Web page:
President Biden released the FY23 President’s Budget on March 28th, 2022, with most budget supporting documents not being released until late April. The President’s budget requests $773.0 billion in spending for the Department of Defense. This is an increase of 5.75%, or $44.5 billion, above FY22 enacted levels. The late release of the President’s Budget was due, in-part, to the extremely late FY22 appropriations legislation in which the federal government operated under a continuing resolution for the first six months of FY22. This has caused a cascading effect on the rest of the cycle, delaying normal FY23 NDAA and appropriations processes.
House Armed Services Committee’s sub-committees have begun marking-up H.R.7900 FY23 National Defense Authorization Act. The full committee mark-up is expected to start on June 22nd, 2022. The Senate Armed Services Committee has announced sub-committees will begin marking up their version of the NDAA on the week of June 13th, 2022.
S.1605 National Defense Authorization Act for Fiscal Year 2022 was signed into law on December 27th, 2021, authorizing DoD activities, programs, and defense related programs for FY22. This legislation eliminates the Overseas Contingency Operations Account from the DoD budget. The NDAA fully authorized all unfunded priorities requested by the Chief, National Guard Bureau and authorizes special incentive and bonus pay parity for the Guard and Reserve.
Both houses of Congress continue to work on FY23 appropriations, holding posture hearings with Service Secretaries, members of the Joint Chiefs of Staff and Combatant Commanders. Congress is expected to work under a $1.6 trillion discretionary budget ceiling as negotiations continue in determining top-lines for defense and non-defense budgets. House appropriators are expected to start their subcommittee mark-ups during the week of June 13th, 2022. Senate appropriators are expected to start the mark-up process later this summer.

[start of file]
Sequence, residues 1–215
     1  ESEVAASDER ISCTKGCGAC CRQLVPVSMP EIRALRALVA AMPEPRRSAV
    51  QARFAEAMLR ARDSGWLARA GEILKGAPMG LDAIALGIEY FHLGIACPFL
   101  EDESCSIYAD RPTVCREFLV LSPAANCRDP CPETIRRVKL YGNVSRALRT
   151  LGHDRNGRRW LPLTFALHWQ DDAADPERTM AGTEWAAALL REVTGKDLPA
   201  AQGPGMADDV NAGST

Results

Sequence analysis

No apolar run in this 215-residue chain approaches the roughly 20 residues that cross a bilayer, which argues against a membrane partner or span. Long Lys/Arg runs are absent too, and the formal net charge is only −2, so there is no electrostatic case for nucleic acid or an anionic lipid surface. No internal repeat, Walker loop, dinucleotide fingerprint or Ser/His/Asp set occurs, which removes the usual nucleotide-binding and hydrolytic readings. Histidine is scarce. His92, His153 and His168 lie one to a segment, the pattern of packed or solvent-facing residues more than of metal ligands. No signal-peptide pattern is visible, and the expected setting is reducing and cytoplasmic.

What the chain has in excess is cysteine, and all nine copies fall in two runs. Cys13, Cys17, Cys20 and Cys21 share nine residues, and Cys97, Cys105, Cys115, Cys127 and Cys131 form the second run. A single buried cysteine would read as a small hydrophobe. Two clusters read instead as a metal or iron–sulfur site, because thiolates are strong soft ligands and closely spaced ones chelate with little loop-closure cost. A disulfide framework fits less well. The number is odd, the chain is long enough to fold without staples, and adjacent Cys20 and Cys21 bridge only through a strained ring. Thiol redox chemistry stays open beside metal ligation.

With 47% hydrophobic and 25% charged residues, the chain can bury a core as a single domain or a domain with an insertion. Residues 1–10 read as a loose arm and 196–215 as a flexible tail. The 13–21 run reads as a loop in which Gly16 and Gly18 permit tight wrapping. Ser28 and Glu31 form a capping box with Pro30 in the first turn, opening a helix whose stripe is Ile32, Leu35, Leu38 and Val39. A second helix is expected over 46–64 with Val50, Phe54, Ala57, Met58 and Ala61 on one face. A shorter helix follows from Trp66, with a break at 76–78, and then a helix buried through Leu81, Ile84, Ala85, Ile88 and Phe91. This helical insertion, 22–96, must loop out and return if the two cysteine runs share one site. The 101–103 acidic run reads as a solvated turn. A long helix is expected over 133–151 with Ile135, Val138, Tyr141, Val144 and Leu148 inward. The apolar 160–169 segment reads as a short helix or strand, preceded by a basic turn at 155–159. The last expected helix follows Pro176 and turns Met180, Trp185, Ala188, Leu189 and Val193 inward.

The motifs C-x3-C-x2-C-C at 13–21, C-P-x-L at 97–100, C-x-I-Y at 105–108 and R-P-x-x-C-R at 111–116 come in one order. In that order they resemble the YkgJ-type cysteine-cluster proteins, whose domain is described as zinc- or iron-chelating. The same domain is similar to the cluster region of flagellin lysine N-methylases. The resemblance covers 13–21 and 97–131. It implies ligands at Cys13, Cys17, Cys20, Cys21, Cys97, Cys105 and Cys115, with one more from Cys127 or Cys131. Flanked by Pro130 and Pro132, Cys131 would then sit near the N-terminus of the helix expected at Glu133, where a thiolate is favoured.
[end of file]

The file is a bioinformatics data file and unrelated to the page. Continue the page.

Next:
H.R.2471 Consolidated Appropriations Act, 2022 was signed into law on March 11th, 2022, fully funding the federal government through the end of the current Fiscal Year. The compromise package ends the nearly six-month stalemate between the House and the Senate in which the government has been funded by continuing resolutions. This budget also marks a major shift in how the Department of Defense pays for contingency operations by replacing the Overseas Contingency Operations account with two new accounts that fall under the department’s base budget.
H.R.3512, Healthcare for our Troops Act, would provide zero-cost TRICARE Reserve Select and dental coverage for all members of the Reserve Component and authorizes TRS eligibility for servicemembers who are federal employees in their civilian capacity. Initial CBO scores estimate this bill to cost $718 million a year. The cost savings of this bill due to streamlining medical spending has yet to be calculated. This remains a top priority for NGAUS. There is no Senate companion bill.
H.R.1836/S.2644 Guard and Reserve GI Bill Parity Act provides GI Bill education benefits parity between the Active and Reserve Components.
H.R.7837/S.4272 National Guard Promotion Improvement Act requires service secretaries to backdate date of rank and provides backpay and provides Congressional oversight and reviews FEDREC process to decrease delays.
H.R.5112/S.4179 Space National Guard Establishment Act creates a Space National Guard and establishes it as the primary combat reserve of the U.S. Space Force.
H.R.1854/S.1178 RECRUIT Act authorizes small business an additional tax credit for employing members of the Guard and Reserve.
S.3215 USACE Military Personnel Augmentation Act of 2021 expands USACE eligibility to members of the Guard and Reserve, Warrant Officers, and non-commissioned officers.